CLIMATE XCHANGE Policy Roundup: Baker admin doubles down on CLEAN PEAK—bill would allow CLIMATE CHANGE DONATIONS via taxes

ROUNDUP ON TWITTER: Are you interested in learning about the latest in clean energy and climate change as it happens? Follow me on Twitter (@TimCroninMA) and look for the hashtag #CXCPolicyRoundup for the latest policy news and analysis in Massachusetts and beyond.

Beacon Hill Happenings--

-MA Energy Commissioner Doubles Down on Clean Peak Standard: At a meeting of the Global Warming Solutions Project (GWSP) network DOER Commissioner Judith Judson reaffirmed the Baker administration’s support for a clean peak standard. A clean peak standard is a relatively new policy tool, first developed in Arizona, that seeks to subsidize construction of storage and other methods with the goal of reducing energy costs at peak demand periods.
Members of the GWSP pushed back, arguing that the policy is untested, may hurt ISO-NE markets, and is not be the best means of increasing energy storage. Instead, they argue, the state should focus on procuring solar and wind energy with an added storage requirement, a proposal the Commissioner did not dismiss. Regardless the Commissioner stated the state has the existing authority to institute a clean peak standard, but would prefer to go through the legislature. A bill (H.1747) released from committee last week to increase the state’s RPS included an amendment that would create a clean peak standard.
Commissioner Judson also sought to assure the energy policy and environmental activists present that clean peak would not be used as a backdoor tactic to build more pipelines.
-Cardinal O’Malley joins 500 other religious leaders & scientists urge action on Climate Change via NCR: Led by Boston Cardinal Sean O’Malley, religious and scientific leaders joined to press Massachusetts to increase its efforts to combat climate change to “protect our communities from the catastrophic impacts” of a warming planet.

#Mapoli Bill Watch--

-“Mass. bill would let taxpayers aid countries hit by climate change” via The Washington Times: State lawmaker Sen. Mike Barrett (D-Lexington) wants to let residents donate to the 28 poorest countries hit hardest by climate change through their tax returns. The bill would add a line to state tax forms to let taxpayers make a donation over and above their regular payment, and he says is a reaction to the Trump administration’s withdrawal from the Paris Accords.
The bill (S.2232) has been reported favorably by the Joint Revenue committee and is currently before the Senate Ways & Means committee.

Global Climate Change--

-“World can limit global warming to 1.5C by ‘improving energy efficiency’ via Carbon Brief: According to a new “landmark” study, emerging technologies like multipurpose smartphones and autonomous electric cars may be vital to improving energy efficiency and ultimately limiting global warming. The study also includes policymaking strategies to implement a rapid increase in global energy efficiency.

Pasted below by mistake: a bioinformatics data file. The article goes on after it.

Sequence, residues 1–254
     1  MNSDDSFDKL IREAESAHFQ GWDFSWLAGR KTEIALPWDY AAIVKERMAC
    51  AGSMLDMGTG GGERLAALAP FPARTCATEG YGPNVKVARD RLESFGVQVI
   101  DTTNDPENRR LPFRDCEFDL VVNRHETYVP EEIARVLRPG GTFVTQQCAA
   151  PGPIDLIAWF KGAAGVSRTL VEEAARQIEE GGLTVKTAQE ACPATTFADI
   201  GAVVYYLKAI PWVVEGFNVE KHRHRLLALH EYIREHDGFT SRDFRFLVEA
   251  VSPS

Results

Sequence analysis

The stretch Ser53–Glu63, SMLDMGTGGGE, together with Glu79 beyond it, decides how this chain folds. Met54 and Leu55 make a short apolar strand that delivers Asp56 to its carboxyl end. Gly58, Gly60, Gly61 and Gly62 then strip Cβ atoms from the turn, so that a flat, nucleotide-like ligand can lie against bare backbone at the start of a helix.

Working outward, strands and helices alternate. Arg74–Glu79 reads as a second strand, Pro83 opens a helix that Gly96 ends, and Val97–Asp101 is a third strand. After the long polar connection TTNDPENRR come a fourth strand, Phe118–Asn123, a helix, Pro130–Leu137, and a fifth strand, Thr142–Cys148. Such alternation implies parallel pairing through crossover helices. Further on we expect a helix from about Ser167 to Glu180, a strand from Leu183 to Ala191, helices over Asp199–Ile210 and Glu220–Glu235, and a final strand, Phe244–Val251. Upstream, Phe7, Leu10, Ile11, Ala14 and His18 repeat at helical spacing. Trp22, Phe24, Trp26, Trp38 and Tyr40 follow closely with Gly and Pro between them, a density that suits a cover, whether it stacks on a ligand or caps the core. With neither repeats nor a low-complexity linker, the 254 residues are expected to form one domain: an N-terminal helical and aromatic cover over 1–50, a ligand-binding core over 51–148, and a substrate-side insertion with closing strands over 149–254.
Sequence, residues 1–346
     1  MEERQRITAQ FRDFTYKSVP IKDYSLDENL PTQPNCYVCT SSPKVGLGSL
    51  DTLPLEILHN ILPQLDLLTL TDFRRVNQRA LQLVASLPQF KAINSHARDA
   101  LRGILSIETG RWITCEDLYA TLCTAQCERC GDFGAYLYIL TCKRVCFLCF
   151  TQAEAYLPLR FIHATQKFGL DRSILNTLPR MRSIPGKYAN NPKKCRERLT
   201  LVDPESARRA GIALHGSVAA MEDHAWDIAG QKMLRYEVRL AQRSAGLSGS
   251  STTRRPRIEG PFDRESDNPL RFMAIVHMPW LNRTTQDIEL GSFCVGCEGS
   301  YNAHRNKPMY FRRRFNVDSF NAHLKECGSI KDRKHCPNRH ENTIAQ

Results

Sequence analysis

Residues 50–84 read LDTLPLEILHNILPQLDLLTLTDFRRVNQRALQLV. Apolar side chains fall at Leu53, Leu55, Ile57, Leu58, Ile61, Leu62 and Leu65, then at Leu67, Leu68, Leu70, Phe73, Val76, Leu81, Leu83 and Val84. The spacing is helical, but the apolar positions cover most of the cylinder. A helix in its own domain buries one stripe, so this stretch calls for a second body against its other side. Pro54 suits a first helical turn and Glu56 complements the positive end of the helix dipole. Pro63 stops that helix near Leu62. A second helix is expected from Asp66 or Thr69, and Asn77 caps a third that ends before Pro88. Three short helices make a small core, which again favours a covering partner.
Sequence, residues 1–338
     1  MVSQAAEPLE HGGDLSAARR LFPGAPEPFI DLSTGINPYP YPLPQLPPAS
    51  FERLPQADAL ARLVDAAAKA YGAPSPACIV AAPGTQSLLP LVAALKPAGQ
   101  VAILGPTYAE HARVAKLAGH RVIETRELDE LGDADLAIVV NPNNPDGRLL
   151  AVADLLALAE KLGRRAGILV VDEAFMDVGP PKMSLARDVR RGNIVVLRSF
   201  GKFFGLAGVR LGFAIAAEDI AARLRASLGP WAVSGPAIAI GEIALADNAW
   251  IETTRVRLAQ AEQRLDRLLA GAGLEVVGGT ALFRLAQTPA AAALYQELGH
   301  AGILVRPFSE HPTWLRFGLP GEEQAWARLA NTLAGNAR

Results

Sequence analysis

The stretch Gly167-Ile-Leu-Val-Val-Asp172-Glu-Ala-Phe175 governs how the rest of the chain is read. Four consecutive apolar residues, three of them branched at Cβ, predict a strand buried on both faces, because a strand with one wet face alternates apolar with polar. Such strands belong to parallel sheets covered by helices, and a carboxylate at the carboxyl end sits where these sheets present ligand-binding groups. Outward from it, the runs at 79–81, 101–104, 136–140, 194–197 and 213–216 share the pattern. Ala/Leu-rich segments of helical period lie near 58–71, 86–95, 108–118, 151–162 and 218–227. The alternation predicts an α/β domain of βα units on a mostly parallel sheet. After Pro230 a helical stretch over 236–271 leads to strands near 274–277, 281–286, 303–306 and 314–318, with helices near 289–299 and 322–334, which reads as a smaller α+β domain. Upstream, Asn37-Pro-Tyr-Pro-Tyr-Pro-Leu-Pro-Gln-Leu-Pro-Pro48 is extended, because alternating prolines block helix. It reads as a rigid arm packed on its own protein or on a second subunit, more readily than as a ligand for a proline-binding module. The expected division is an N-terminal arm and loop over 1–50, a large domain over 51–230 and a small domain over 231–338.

-Climate Engineering: From Science Fiction to Reality via Communications Fellow Jackie Ryan: When you think about climate change solutions, you might picture sleek electric vehicles or rows of solar panels. But another technique that has been gaining more traction over the years takes climate action to new and unprecedented heights: geo-engineering. Geo-engineering is a broad experimental field designed to mitigate the effects of global warming. Find out more here.

All News Is Local--

-Central Massachusetts Communities Receive Climate Change Grants via GovTech: The state awarded additional climate change grants to 11 central Massachusetts towns and cities. The grants are part of the overarching Municipal Vulnerability Preparedness (MVP) program launched in 2017 by Governor Baker and are designed to assist local communities in mitigating the impacts of climate change.

Beyond The Bay State--

-“The Trump administration took a major step to roll back clean car rules” via the New York Times: On Thursday the EPA released its awaited proposal to roll back Obama era car emission rules. The old rules required automakers to make cars that reached 50 mpg by 2025 and was based off standards first adopted by California. The new rules are likely to create two separate car markets between states that will still use the California standard (including Massachusetts) and those that don’t.
-Governor Paul LePage and Central Maine Power fighting for Massachusetts transmission project via FreePress: A proposed $950 million transmission project in Maine is pitting local environmental advocates against Maine’s governor and largest utility. The project would bring Canadian hydro to Massachusetts energy customers via a new transmission line constructed from the Canadian border to Lewiston ME.


-“Retiring more nuclear plants could hurt Mass. climate goals” via the Boston Globe’s Editorial Team.
-“Trump plan to bail out coal industry punishes red states the most” via ThinkProgress’s Joe Romm column.
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